The first phase of Hegel’s stay in Jena, then, was a time of philosophical experimentation, though on a far higher plane than in Frankfurt, as a comparison between the products of the two periods makes quite clear. In Frankfurt we find Hegel writing a series of essays in which he struggles with problems of the greatest importance for him, essays which show a definite coherence, but which do not consciously put the problem of a system in the foreground. In Jena, however, the sketches are all sketches for a system so that the progress is quite apparent, even if the methodological foundations of a system are still insecure.
A glance at Hegel’s intimate diary from the later part of Hegel’s stay in Jena furnishes us with interesting insights into his intellectual workshop. This diary was published by Rosenkranz as ‘Hegel’s notebook’. Typically more recent Hegel scholars have ignored both Rosenkranz’s publication and his correct dating of the diary (1803-6). Dilthey discussed its contents but clearly regarded them as general statements valid for the entire Jena period and he neglected even to hint that they had been published by Rosenkranz. Haering went even further: he praised Dilthey for his ‘great achievement’ in having ‘published’ them and he placed them right at the start of the Jena period.
An attentive study of these diaries will show anyone who has even the slightest understanding of Hegel’s development that the statements they contain about his method of work are retrospective in character; Hegel has become clear about his own methods and now looks back self-critically at his earlier efforts. That is to say, if we stick to Rosenkranz’s dating we gain a very useful account of Hegel’s mood and his method of work during his earlier period in Jena. We give a number of typical passages:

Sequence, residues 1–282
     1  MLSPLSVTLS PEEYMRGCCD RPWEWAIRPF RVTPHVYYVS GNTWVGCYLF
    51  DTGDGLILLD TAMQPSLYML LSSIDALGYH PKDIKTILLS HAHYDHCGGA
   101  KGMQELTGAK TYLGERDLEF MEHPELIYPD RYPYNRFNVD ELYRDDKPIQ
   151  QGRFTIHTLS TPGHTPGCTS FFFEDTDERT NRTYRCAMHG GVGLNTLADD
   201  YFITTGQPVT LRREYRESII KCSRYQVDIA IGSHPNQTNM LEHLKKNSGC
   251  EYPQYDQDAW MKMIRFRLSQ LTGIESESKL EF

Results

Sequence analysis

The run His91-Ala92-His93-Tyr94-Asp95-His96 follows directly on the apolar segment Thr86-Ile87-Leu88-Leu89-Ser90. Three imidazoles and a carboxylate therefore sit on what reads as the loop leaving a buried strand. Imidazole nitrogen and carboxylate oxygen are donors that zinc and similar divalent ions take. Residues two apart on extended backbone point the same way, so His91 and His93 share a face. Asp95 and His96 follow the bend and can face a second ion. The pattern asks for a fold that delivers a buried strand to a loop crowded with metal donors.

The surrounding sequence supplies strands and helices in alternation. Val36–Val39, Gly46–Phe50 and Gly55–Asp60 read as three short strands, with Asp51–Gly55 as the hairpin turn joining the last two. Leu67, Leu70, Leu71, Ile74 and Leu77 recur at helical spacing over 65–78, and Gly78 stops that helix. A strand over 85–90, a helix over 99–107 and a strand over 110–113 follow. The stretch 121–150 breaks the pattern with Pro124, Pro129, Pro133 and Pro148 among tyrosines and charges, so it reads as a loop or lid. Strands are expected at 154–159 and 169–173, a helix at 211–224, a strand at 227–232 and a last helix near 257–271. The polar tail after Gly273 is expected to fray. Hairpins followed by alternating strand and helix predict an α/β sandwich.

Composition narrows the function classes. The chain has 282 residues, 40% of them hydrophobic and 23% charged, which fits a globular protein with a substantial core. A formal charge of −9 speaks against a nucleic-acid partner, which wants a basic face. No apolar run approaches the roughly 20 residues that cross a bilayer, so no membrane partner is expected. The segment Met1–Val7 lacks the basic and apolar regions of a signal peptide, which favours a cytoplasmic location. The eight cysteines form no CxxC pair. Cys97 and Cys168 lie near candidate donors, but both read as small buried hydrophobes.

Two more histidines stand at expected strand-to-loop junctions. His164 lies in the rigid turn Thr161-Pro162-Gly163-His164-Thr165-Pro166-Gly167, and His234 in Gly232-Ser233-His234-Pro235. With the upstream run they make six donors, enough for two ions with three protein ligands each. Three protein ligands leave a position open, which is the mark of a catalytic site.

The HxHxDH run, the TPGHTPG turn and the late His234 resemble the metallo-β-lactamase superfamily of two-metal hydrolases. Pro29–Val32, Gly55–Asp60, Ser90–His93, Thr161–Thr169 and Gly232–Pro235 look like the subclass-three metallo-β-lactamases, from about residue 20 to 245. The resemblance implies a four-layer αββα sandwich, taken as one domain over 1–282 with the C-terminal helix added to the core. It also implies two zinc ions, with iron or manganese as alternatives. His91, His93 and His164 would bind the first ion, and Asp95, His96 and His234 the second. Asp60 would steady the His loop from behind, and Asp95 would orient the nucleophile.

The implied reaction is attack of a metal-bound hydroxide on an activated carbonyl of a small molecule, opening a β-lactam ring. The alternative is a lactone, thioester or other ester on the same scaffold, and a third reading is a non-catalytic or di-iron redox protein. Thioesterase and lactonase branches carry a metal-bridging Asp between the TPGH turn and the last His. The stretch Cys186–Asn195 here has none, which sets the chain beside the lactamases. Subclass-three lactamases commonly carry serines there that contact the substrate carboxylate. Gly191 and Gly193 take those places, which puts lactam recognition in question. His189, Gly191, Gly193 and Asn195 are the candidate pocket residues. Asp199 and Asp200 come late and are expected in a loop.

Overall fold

‘The most pernicious vice is to seek to preserve oneself from errors. The fear of actively bringing error upon oneself is complacency and renders absolute passive error inevitable. Thus a stone has no active error, except e.g. for limestone when nitric acid is poured on it. It then gets quite out of hand. It really goes wildly astray, it flares up and enters another world – knowing nothing of this other world it is destroyed. Contrast man. He is substance, maintains himself... This stoniness or stoneness ... this rigidity must be abandoned. Flexibility educability ... is truth. Not until one understands the thing, something which comes after learning about it, does one stand above it.’
This passage is finely elucidated by the entry immediately preceding it. There Hegel says:
‘An essential part of studying a science is that one should not be led astray by its principles. They are general and do not mean much. It appears that you only grasp their meaning if you grasp the particular. Often they are simply bad. They are consciousness of a thing, and the thing is often better than the consciousness. One goes on studying. At first consciousness is unclear. Anything rather than understand and prove everything step by step. Instead one puts the book aside, reads on half asleep, resigned to one’s own consciousness, i.e. one’s singularity, which is painful. ‘
A careful reading of this passage reveals that Hegel is describing his own method of work in this period of transition. The central problem has become clear to him, though not entirely so, but he presses on, undeterred by errors to test the correctness of his views against all the particularities of the real world. And he stubbornly holds fast to the principle of accepting only ideas that withstand this confrontation with the particular. ‘The thing is often better than the consciousness.’ This is the key to his whole mode of philosophy during his youth. He takes over Schelling’s idea of the world as a unified process which embraces nature and history and treats it with total seriousness, much more seriously than Schelling who put the same idea forward in a different system, a different abstract form every year. Hegel wants to grasp the essence of this process, to see just how it comprehends all particulars, and as long as he does not possess a method which will guarantee this comprehensive knowledge he will accept the general principle only with reservations, i.e. he tests it against the facts, the particulars and rejects it at once if he finds it abstract, i.e. if it fails to explain the particulars. This ‘empiricism’ which has gravely embarrassed Hegel’s bourgeois exegetes is a feature of his specific form of the dialectic. We shall see later just where its limits lie for him. Here it was necessary only to point to this feature of his thought, partly to make the difference between him and Schelling absolutely clear, and partly to explain why Hegel did not at once take up a negative stance on a number of the fundamental tenets of objective idealism, but spent some time experimenting with them, testing them, to convince himself of their validity or nullity.